Capital Punishment


What is the biblical view of capital punishment? The Old Testament seems to allow it for murderers. In the New Testament I don't seem to find as much, except that Romans 13:4 talks of the sword, which is commonly associated with death as an instrument of execution.


The Bible regularly supports capital punishment; it nowhere suggests that capital punishment is inappropriate. In the Old Testament, there are many mentions of valid capital punishment (Gen. 9:6; Exod. 21:12-17,29; 22:19; 31:14-15; 35:2; Lev. 20:2,9-16,27; 24:16,17,21; 27:29; Num. 1:51; 3:10,38; 15:35-36; 18:7; 35:9-34; Deut. 13:5,9; 17:2-12; 18:20; 19:11-21; 21:22; 22:22,25; 24:7,16; Josh. 1:18 to name just a few), though many crimes other than murder are also liable to this punishment. It is worth noting, however, that generally the legal language in the Bible does not speak in terms of mandatory sentencing, but rather in terms of maximum sentencing (but not always; cf. Deut. 19:11-21).

In the New Testament, the Old Testament Law is still the standard (Matt. 5:17-19). No further law is given regarding this issue in the New Testament because no further clarification was necessary beyond what the Old Testament had already said. Also, as you mention, Paul indicated that the obligation and delegated authority to inflict capital punishment was not limited to Israel. Rather, God delegates authority to all civil governments to uphold this aspect of the Law (e.g. Rom. 13:4, which mentions not only the "sword," but also "avenger" and "wrath"). In fact, this aspect was already present in the Old Testament as well: the instruction regarding capital punishment in Genesis 9:6 was given to all mankind, not just to Israel.

It is also worth saying that God himself employs capital punishment both in this world and in the next. Examples from the Old Testament abound (e.g. Exod. 4:24; 13:15; and let's not forget the Flood of Gen. 6-8!), but even in the New Testament God executes those who anger him (e.g. Acts 12:23; 1 Cor. 11:30). This should not surprise us, though, for it was God himself who gave the law regarding capital punishment in the first place, and it is his law and authority that he delegates to modern governments to exercise the death penalty. In the world to come, God will execute eternal capital punishment against sinners in hell (e.g. Matt. 10:28).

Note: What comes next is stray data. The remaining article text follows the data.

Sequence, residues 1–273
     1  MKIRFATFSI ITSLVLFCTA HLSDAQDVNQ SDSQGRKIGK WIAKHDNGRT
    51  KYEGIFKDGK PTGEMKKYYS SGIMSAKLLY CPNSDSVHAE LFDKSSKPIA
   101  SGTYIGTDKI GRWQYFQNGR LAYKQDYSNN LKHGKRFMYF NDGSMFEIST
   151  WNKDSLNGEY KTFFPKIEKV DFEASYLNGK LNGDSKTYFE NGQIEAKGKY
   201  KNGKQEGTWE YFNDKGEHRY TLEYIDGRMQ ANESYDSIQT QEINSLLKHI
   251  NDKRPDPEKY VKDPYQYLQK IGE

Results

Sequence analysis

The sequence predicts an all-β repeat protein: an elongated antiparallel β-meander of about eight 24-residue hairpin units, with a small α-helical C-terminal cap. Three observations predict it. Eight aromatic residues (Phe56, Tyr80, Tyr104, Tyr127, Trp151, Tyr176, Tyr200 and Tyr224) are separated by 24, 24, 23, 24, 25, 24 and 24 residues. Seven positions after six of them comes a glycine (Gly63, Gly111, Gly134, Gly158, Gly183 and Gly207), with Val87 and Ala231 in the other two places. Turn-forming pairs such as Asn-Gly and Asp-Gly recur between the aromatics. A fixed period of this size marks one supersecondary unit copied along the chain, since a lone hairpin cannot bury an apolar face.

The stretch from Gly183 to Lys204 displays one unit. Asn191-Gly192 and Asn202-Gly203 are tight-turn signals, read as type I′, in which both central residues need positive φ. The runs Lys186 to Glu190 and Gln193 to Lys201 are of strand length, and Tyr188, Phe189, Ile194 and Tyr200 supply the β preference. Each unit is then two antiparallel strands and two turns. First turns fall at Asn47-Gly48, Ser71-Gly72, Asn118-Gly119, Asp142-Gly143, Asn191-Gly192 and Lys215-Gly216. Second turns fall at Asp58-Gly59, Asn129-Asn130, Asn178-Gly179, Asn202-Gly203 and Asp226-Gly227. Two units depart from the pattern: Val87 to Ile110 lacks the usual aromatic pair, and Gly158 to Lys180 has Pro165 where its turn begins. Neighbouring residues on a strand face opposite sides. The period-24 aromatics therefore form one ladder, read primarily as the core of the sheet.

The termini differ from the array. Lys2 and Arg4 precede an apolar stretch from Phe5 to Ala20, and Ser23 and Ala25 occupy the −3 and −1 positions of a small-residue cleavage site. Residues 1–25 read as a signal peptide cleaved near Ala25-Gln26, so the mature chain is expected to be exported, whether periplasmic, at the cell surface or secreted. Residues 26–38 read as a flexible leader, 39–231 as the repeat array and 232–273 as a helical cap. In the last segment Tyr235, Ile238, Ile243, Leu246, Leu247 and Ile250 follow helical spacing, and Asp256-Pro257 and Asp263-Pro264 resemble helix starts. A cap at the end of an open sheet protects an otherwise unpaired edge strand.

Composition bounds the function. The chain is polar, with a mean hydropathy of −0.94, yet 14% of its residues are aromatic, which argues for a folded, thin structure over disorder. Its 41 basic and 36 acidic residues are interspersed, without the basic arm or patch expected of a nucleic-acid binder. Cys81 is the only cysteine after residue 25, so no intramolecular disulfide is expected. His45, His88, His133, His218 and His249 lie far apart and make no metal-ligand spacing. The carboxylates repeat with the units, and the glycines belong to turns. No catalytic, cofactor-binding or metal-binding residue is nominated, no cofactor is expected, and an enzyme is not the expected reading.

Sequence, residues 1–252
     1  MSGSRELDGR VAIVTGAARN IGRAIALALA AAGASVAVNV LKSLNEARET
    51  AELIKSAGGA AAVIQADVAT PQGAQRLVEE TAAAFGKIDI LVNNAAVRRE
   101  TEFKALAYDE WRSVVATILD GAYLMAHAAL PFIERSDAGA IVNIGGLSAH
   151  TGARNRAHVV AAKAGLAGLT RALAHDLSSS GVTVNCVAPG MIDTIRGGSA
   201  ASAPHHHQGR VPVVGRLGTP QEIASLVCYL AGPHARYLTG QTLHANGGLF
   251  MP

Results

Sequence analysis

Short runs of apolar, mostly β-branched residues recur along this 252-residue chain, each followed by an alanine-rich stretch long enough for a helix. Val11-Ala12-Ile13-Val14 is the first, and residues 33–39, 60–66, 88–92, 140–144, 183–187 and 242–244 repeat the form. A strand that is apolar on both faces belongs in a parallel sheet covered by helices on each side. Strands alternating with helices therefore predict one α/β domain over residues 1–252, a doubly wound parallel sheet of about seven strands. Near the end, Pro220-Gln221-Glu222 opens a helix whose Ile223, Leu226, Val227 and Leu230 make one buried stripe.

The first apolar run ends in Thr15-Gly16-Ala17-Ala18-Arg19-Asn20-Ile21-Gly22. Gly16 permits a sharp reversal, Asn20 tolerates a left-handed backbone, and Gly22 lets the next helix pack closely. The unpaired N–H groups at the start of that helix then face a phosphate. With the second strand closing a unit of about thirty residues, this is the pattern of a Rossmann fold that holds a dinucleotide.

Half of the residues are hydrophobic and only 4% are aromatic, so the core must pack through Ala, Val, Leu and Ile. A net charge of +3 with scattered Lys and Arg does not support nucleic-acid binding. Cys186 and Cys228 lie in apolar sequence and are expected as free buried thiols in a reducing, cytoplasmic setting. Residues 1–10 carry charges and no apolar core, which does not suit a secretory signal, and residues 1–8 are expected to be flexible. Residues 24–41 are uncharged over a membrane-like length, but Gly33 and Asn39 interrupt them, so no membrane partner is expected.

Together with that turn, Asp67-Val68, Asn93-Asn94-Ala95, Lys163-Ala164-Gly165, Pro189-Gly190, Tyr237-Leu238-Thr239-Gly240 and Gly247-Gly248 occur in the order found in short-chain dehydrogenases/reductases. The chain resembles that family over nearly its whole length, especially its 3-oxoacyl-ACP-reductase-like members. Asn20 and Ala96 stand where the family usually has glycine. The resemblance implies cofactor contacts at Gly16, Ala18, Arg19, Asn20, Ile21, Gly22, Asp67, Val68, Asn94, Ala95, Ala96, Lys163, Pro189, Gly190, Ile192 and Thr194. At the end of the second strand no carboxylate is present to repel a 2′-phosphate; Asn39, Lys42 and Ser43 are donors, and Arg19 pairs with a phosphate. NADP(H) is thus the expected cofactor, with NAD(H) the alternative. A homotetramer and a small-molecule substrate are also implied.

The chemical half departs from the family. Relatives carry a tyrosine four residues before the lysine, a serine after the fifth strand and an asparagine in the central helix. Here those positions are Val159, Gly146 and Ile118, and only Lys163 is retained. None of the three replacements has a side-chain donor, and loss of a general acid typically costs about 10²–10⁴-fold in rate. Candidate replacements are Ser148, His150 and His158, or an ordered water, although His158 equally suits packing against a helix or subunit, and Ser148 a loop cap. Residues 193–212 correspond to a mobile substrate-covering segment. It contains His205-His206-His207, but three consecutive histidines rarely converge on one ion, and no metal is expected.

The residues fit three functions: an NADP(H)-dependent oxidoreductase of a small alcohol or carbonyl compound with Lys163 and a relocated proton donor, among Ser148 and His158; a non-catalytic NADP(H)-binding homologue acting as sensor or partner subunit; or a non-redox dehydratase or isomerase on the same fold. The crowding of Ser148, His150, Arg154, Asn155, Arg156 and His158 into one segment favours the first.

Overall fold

I'm aware that some Christian schools of thought oppose the death penalty as unbiblical, appealing to such things as the image of God in man, or to the fact that only God has the right to take a life. These arguments go against clear biblical mandate. God specifically instructed that certain criminals and sinners were to be put to death, or could be put to death. He did not impose a standard of absolute certainty regarding their crimes, nor did he say that to put such people to death was an affront against the image of God in man. In fact, in Genesis 9:6 it is precisely because the murderer has struck out against the image of God in another man that the murderer is to be put to death. The death penalty respects and protects the image of God; it does not attack it.

Does all this mean that we ought to be putting people to death right and left? No. The biblical examples given to us do not support that idea. Liability unto death (maximum sentencing) does not imply the appropriateness of execution in every case. For example, David was a murderer, but the Bible makes no sounds about putting him to death for his crimes (2 Sam. 12:9ff.). Forgiveness and mercy are almost always options, as is lighter sentencing when the circumstances merit it. Moreover, we have to consider the many differences between the situations addressed directly by the biblical texts, and those in which we find ourselves. We need to determine what lasting principles the laws attempted to display and enforce, and, based on that information, figure out how to apply the laws in our own day. Sometimes this will mean that we do not argue that all criminals liable unto death in the Old Testament ought to be executed in our modern cultures. Nevertheless, the propriety of capital punishment in principle cannot be denied.

Answer by Ra McLaughlin

Ra McLaughlin is Vice President of Finance and Administration at Third Millennium Ministries.